But I think that many game designers avoid this design because “what if the player exits the closet? What are we going to do? We have to have a different scene! What if he dies out there? It’s going to ruin the moment!” But what they’re, in fact, doing is they’re ruining the moment by making it a cut-scene from the very beginning. There’s ton of examples of this in horror games, where you try to do horror movie-like angles and what not all through the experience. “Oh, the player should see a shadow running away in the distance! But that’s just going to happen for a fraction of a second, so we need to make that a cut-scene.” You take away agency from the player, and just let the camera do the work. Show off the shadow, and then give the control back to the player.
What we like to do is set up the situation in a way that the player is looking in the direction where the shadow is gonna be. Then, we can, perhaps--and there’s always a percentage this won’t work--but if the player is looking at the right direction in pretty much the right time--so you have a gap when it’s a good time to be looking at a certain decision--then you have the shadow coming up. If the player looks too late, just play the shadow anyway. They might end up not seeing it at all. You have maybe 10% might not ever see the shadow, but the 90% that do are going to have a great experience, a much better experience than what you would have had if you had gone for a solution that you would know 100% sure that everyone would see. It’s a tricky way there in how you’re going to do this sort of thing, and it’s something that you’re exploring all the time.
GB: When you put the player in control, you can assume most players aren’t going to screw up that sequence, but the tension for the player is the fact that maybe you could screw it up. There is an element of chance that isn’t there the moment the black bars come up, and you realize they’re going for a cut-scene.
GB: Even though it’s, essentially, still a cut-scene, it’s the fact that you can still move around. You have agency, even if you have no interest in exercising it.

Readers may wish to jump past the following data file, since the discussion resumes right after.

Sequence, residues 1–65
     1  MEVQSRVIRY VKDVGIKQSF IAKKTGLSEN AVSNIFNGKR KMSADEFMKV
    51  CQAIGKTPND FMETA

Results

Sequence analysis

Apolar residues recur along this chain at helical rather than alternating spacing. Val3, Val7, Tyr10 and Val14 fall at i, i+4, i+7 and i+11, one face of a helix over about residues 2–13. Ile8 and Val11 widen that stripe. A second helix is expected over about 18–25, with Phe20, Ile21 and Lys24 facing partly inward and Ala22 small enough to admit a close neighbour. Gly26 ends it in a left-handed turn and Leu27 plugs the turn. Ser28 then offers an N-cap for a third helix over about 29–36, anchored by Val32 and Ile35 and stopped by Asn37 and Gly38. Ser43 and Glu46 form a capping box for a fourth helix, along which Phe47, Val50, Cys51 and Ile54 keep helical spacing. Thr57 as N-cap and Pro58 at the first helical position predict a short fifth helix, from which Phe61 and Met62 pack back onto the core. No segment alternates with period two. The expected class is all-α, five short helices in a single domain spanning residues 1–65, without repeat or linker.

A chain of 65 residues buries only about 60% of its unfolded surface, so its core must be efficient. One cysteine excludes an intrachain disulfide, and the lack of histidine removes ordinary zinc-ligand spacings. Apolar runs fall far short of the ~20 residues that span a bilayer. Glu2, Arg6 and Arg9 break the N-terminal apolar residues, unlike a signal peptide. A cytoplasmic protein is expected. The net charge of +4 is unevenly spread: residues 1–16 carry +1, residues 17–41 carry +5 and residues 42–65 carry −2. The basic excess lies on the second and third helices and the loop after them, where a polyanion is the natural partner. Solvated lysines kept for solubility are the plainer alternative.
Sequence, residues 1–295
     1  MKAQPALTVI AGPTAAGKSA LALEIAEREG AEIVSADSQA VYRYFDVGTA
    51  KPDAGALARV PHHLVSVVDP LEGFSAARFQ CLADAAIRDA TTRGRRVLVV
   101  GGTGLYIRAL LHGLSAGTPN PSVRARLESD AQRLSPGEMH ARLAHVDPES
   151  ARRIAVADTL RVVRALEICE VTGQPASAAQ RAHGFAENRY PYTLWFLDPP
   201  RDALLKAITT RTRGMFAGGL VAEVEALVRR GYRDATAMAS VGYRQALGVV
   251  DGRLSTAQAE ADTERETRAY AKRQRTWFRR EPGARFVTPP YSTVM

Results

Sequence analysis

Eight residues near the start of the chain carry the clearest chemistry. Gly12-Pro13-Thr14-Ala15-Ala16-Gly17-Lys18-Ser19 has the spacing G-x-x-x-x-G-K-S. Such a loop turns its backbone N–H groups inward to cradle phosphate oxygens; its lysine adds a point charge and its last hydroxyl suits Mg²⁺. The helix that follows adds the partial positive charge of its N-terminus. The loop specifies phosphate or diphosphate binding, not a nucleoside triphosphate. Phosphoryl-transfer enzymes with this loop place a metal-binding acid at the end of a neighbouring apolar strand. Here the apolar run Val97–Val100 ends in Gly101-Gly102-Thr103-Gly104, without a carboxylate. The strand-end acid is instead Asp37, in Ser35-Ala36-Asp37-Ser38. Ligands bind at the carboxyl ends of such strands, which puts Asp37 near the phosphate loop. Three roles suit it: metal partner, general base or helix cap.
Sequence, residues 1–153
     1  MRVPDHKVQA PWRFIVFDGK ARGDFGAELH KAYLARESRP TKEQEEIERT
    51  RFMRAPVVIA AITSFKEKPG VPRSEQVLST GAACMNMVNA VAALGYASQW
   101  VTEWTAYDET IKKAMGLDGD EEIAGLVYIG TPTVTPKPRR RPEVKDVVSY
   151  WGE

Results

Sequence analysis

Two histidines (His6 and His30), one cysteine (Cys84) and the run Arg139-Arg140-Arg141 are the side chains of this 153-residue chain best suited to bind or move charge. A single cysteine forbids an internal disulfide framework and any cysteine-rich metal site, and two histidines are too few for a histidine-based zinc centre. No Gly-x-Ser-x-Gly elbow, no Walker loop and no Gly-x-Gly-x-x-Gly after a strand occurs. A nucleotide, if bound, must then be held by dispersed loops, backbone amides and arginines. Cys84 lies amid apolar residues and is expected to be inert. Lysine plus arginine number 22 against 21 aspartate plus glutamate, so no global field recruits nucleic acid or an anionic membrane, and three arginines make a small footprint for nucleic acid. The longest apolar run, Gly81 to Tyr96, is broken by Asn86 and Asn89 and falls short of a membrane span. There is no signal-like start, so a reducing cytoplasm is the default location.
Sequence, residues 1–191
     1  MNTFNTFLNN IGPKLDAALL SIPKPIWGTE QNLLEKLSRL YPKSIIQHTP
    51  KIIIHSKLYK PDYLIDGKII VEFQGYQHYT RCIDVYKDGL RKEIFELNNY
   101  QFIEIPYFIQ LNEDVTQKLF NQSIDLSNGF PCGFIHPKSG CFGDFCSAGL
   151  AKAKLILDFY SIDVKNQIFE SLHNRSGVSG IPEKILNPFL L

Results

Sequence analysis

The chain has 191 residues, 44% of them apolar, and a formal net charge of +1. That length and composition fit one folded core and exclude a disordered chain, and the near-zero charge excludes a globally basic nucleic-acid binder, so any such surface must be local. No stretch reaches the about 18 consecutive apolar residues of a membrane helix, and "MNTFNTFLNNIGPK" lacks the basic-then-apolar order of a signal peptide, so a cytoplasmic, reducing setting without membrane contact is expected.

Grip: Yeah, exactly. You can also screw with this kind of expectation. You can have a very controlled situation, but because you know that you might be able to screw it up because there are situations that are screwable, [laughs] then you can have this tension.
Heavy Rain--there’s so much of this good stuff in Heavy Rain, even though it’s flawed on many levels, as well. But you have this death element. You know from the start that you can fail at any of the challenges, but there are only, say, five times in the game when you can screw up and a character dies. But this hangs over you all of the time. There’s one point where it can happen, and you can use that as well, in order to do this kind of stuff. In some situations, of course, when you want to have more exploration, it’s not possible to do it, but you can build upon this tension. If you just let it happen at some points, you can keep the tension going for the rest of the game. The first time you play it, you have no idea. “Is this a situation I can screw up? Is it not?” You can keep the player [on their] toes that way, and throw them a curve ball every once in a while to keep them on their toes. That also extends the feeling of agency. Even though there are a lot of times where you don’t have agency or control over the situation, just because you have had it in the past, it feels like you’re in control in those situations, as well. You’re the one that determines how this is all going to play out.
GB: Games are pretty unique in this way. If a sequence starts and the player fails the sequence, the tension is zapped upon the second playthrough. Even if they have the knowledge on how to complete it, it’s not nearly as scary the second time because some of the surprise is lost. There aren’t many of those sequences in Amnesia, but the chase sequence in the water is famous for that. I managed to finish it in one shot, so I had, essentially, the best possible experience with that--almost dying but not actually dying.
Grip: It is a spoiler, but it is a three-year-old game. We have a mindfuck in there for players. If they die two times, there’s going to be no water monster at all. They can walk through the entire sequence [with] no water monster, go through the gate--no water monster at all. And then you relaxed. “Oh, they just took away the monster!” Then, when you walk through the final door, it just bangs open and it just rushes at you! You can have these sort of things, as well, so that’s a good experience. He’s letting down his guard. “Oh, they removed the monster! It’s easy mode now!” BANG! You see the monster another time. You can work with that, as well.